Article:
Focal Pointe Observatory
Astrophotography by Bob Franke

Recent Images
   Natural Color
   Narrow Band
Solar System
My Freeware
Tips & Tricks
Published Images
Local Weather


Send Email


























































































































































How Sub Exposure Normalization Can Affect Color Balance


With calibrated red, green and blue sub exposures, taken under ideal conditions, the final RGB image should have good color. In reality, the conditions are never ideal. This is especially true when data are required over multiple nights. The overall intensity of individual exposures will vary. This is why we normalize the data.

Normalizing the sub exposures compensates for variations in sky background and transparency. This allows data rejection routines to better remove outlier pixel values and undesired artifacts. Normalized data produce a better result when the image stack is mean combined.

For proper normalization, it is important to select the best reference image for each color filter. This test shows how changing the reference image can affect the overall color balance. Additionally, the test shows that eXcalibrator will correct the color balance in the case of a poor normalization choice.

In the following "real-world" test, the sub exposures very greatly. The red, green and blue image stacks were normalized with CCDStack. I used CCDStack's Scalar and Offset methods by selecting the background and the core of the galaxy.

For the red and green filters, the image with the brightest galaxy core was used for the reference image. To show the potential for color change, two image stacks were created with the blue data. One stack's reference image was the one with the brightest galaxy core. The other stack used the image with the dimmest galaxy core.   


The following "mouse over" image comparison shows how the color balance changes with the different normalization for the two blue filter stacks. The dimmer normalization reference image produced a final RGB result with a yellow bias. Both images used RGB combine ratios of 1,1,1. The two images were processed side-by-side with identical procedures.





For the second part of the test, both sets of R, G and B images were first processed with eXcalibrator. The two results are shown below. The first screenshot is with the dimmer blue normalization reference image. The second uses the bright reference image. Note the difference in the circled RGB color correction ratios. To compensate for the dimmer normalization, the value for the blue channel is much higher in the first example.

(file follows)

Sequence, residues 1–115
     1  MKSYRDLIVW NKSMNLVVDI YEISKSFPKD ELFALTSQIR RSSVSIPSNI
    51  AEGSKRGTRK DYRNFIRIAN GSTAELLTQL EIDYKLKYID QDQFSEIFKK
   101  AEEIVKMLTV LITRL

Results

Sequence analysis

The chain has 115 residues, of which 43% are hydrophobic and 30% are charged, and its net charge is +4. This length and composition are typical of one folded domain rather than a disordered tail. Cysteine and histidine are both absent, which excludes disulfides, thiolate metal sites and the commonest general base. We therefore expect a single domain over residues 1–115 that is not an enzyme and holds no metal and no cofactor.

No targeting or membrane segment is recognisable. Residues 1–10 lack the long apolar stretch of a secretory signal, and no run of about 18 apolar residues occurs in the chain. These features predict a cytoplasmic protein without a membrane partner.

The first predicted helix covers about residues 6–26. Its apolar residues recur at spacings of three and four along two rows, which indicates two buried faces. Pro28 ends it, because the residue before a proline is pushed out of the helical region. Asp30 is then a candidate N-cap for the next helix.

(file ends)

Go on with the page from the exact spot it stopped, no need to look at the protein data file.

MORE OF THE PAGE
The two RGB images, in the following "mouse over" comparison, were created with CCDStack using the eXcalibrator RGB color correction ratios. The PixInsight processing was done side-by-side with identical functions. Each processing instance was applied by dragging and dropping it onto each image.

The final images look identical and the differences in their histograms are barely visible. This shows that eXcalibrator corrects the color balance for improper normalization choices. A poor choice for the normalization reference image may produce a final image with a reduced signal-to-noise ratio. However, eXcalibrator maintains proper color balance.



Image Acquisition and Processing Details

RGB  900 min (20 x 15 min. each filter) Bin 2x2

eXcalibrator for color balance calculations.


Sub exposure calibration, registration, data rejection, mean combining and RGB creation.


Gradient removal with DynamicBackgroundExtraction, ACDNR for noise reduction, nonlinear stretching with HistogramTransformation and color saturation. Finally, the background was tweaked to a neutral gray by aligning the three color channels with HistogramTransformation.


For adding text to the images and saving JPEGs for the web.